Bash Guide for Beginners Chapter 5. The GNU sed stream editor

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At the end of this chapter you will know about the following topics:

  • What is sed?
  • Interactive use of sed
  • Regular expressions and stream editing
  • Using sed commands in scripts
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TIP: This is an introduction

These explanations are far from complete and certainly not meant to be used as the definite user manual for sed. This chapter is only included in order to show some more interesting topics in the next chapters, and because every power user should have a basic knowledge of things that can be done with this editor.

For detailed information, refer to the sed info and man pages.

Introduction

What is sed?

Stream EDitor is used to perform basic transformations on text read from a file or a pipe. The result is sent to standard output. The syntax for the sed command has no output file specification, but results can be saved to a file using output redirection. The editor does not modify the original input.

What distinguishes sed from other editors, such as vi and ed, is its ability to filter text that it gets from a pipeline feed. You do not need to interact with the editor while it is running; that is why sed is sometimes called a batch editor. This feature allows use of editing commands in scripts, greatly easing repetitive editing tasks. When facing replacement of text in a large number of files, sed is a great help.

sed commands

The sed program can perform text pattern substitutions and deletions using regular expressions, like the ones used with the grep command; see Examples using grep.

The editing commands are similar to the ones used in the vi editor:

Table 5-1. Sed editing commands
Command Result
a\ Append text below current line.
c\ Change text in the current line with new text.
d Delete text.
i\ Insert text above current line.
p Print text.
r Read a file.
s Search and replace text.
w Write to a file.

Apart from editing commands, you can give options to sed. An overview is in the table below:

Table 5-2. Sed options
Option Effect
-e SCRIPT Add the commands in SCRIPT to the set of commands to be run while processing the input.
-f Add the commands contained in the file SCRIPT-FILE to the set of commands to be run while processing the input.
-n Silent mode.
-V Print version information and exit.

The sed info pages contain more information; we only list the most frequently used commands and options here.

Interactive editing

Printing lines containing a pattern

This is something you can do with grep, of course, but you can't do a "find and replace" using that command. This is just to get you started.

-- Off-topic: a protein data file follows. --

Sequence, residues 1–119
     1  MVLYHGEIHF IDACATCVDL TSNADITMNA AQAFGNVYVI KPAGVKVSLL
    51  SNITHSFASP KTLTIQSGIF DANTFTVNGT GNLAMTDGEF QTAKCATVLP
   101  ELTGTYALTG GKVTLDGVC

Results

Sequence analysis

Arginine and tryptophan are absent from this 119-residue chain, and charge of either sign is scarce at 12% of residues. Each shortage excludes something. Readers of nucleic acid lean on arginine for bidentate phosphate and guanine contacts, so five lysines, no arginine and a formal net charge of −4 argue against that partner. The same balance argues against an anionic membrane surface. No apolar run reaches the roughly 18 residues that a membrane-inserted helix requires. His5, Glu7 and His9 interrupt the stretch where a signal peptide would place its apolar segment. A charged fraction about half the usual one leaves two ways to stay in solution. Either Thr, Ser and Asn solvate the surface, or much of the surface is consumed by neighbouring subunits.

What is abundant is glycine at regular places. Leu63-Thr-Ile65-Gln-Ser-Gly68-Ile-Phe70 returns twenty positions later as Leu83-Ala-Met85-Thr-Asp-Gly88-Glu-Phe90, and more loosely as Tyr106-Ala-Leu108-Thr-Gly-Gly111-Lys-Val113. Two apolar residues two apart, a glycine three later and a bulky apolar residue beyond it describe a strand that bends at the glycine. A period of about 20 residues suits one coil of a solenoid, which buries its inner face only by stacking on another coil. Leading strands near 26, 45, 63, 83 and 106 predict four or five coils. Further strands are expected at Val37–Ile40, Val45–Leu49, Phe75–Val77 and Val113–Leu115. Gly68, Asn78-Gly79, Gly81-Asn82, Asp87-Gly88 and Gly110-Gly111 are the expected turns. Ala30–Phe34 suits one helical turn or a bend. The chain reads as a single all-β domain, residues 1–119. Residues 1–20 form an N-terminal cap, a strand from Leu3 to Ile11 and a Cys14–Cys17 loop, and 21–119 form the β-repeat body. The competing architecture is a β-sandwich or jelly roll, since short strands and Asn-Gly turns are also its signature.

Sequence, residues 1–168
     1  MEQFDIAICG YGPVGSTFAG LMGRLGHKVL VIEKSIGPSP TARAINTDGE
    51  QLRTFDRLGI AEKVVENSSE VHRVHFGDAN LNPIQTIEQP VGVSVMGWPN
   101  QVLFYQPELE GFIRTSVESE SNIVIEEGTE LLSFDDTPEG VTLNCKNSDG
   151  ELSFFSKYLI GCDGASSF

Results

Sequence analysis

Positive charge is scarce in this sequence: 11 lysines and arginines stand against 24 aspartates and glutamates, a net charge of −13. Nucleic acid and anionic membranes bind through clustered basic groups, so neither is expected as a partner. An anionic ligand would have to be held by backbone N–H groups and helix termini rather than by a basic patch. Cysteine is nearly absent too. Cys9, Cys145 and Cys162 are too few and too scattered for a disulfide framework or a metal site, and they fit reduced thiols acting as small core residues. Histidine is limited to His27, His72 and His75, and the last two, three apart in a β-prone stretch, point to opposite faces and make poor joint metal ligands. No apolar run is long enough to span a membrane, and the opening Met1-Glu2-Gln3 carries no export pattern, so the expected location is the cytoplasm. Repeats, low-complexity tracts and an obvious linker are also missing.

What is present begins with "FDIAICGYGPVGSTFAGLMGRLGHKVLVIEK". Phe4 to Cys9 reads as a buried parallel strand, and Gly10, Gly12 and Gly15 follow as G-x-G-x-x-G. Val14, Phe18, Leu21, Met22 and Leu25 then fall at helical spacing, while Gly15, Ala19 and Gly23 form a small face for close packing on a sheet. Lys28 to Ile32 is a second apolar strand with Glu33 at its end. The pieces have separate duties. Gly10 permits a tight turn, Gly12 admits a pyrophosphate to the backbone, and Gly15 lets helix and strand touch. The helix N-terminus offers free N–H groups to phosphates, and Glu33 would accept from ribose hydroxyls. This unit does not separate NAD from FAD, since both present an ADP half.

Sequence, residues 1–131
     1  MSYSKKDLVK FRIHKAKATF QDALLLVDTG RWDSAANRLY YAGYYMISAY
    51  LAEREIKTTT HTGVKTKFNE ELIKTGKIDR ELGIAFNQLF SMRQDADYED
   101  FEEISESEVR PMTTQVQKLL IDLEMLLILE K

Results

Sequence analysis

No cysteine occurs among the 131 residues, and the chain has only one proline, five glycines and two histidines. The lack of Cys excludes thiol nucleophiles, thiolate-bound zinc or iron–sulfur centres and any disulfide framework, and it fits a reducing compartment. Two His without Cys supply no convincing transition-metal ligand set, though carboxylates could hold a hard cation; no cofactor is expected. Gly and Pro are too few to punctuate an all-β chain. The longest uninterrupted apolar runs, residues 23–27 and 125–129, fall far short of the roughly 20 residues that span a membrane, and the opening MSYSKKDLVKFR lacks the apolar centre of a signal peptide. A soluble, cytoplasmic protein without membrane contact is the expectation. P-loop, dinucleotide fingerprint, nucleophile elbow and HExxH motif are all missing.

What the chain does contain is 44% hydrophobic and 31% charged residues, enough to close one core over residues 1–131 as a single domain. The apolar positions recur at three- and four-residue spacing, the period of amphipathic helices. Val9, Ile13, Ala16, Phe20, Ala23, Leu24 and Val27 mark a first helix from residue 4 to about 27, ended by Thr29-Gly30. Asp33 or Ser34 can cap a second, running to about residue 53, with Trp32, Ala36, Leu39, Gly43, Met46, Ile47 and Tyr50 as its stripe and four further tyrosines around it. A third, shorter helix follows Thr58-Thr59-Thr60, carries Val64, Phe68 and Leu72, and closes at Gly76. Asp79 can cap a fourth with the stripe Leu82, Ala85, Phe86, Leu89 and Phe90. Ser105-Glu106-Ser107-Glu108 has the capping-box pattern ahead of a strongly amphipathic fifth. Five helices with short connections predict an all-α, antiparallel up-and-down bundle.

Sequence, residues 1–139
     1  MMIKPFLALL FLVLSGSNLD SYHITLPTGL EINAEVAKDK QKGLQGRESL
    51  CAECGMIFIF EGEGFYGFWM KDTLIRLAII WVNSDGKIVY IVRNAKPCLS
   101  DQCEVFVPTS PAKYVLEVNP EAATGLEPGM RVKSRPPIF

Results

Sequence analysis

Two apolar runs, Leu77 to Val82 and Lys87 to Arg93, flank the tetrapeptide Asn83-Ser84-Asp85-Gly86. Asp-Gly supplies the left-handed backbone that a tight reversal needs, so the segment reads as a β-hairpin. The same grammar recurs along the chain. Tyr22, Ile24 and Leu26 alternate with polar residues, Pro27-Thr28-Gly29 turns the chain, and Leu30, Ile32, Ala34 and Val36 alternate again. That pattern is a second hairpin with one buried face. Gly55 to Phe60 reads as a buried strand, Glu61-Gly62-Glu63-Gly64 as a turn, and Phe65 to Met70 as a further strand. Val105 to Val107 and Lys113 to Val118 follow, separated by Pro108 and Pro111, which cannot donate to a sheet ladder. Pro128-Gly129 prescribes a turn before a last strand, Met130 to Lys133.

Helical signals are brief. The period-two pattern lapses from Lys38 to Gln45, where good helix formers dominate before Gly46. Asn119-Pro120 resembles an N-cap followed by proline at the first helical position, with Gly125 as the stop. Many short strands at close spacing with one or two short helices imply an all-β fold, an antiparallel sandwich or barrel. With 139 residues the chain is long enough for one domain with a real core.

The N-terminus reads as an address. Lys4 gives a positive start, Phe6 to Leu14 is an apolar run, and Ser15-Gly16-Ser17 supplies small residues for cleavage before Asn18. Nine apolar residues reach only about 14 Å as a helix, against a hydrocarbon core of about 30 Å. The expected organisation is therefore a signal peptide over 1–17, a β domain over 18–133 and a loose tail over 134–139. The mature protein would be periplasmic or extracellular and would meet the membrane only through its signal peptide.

This is our example text file:

sandy ~> cat -n example
     1  This is the first line of an example text.
     2  It is a text with erors.
     3  Lots of erors.
     4  So much erors, all these erors are making me sick.
     5  This is a line not containing any errors.
     6  This is the last line.

sandy ~>

We want sed to find all the lines containing our search pattern, in this case "erors". We use the p to obtain the result:

sandy ~> sed '/erors/p' example
This is the first line of an example text.
It is a text with erors.
It is a text with erors.
Lots of erors.
Lots of erors.
So much erors, all these erors are making me sick.
So much erors, all these erors are making me sick.
This is a line not containing any errors.
This is the last line.
sandy ~>

As you notice, sed prints the entire file, but the lines containing the search string are printed twice. This is not what we want. In order to only print those lines matching our pattern, use the -n option:

sandy ~> sed -n '/erors/p' example
It is a text with erors.
Lots of erors.
So much erors, all these erors are making me sick.

sandy ~>

Deleting lines of input containing a pattern

We use the same example text file. Now we only want to see the lines not containing the search string:

sandy ~> sed '/erors/d' example
This is the first line of an example text.
This is a line not containing any errors.
This is the last line.

sandy ~>

The d command results in excluding lines from being displayed.

Matching lines starting with a given pattern and ending in a second pattern are showed like this:

sandy ~> sed -n '/^This.*errors.$/p' example
This is a line not containing any errors.

sandy ~>

Note that the last dot needs to be escaped in order to actually match. In our example the expression just matches any character, including the last dot.

Ranges of lines

This time we want to take out the lines containing the errors. In the example these are lines 2 to 4. Specify this range to address, together with the d command:

sandy ~> sed '2,4d' example
This is the first line of an example text.
This is a line not containing any errors.
This is the last line.
sandy ~>

To print the file starting from a certain line until the end of the file, use a command similar to this:

sandy ~> sed '3,$d' example
This is the first line of an example text.
It is a text with erors.
sandy ~>

This only prints the first two lines of the example file.

The following command prints the first line containing the pattern "a text", up to and including the next line containing the pattern "a line":

sandy ~> sed -n '/a text/,/This/p' example
It is a text with erors.
Lots of erors.
So much erors, all these erors are making me sick.
This is a line not containing any errors.
sandy ~>

Find and replace with sed

In the example file, we will now search and replace the errors instead of only (de)selecting the lines containing the search string.

sandy ~> sed 's/erors/errors/' example
This is the first line of an example text.
It is a text with errors.
Lots of errors.
So much errors, all these erors are making me sick.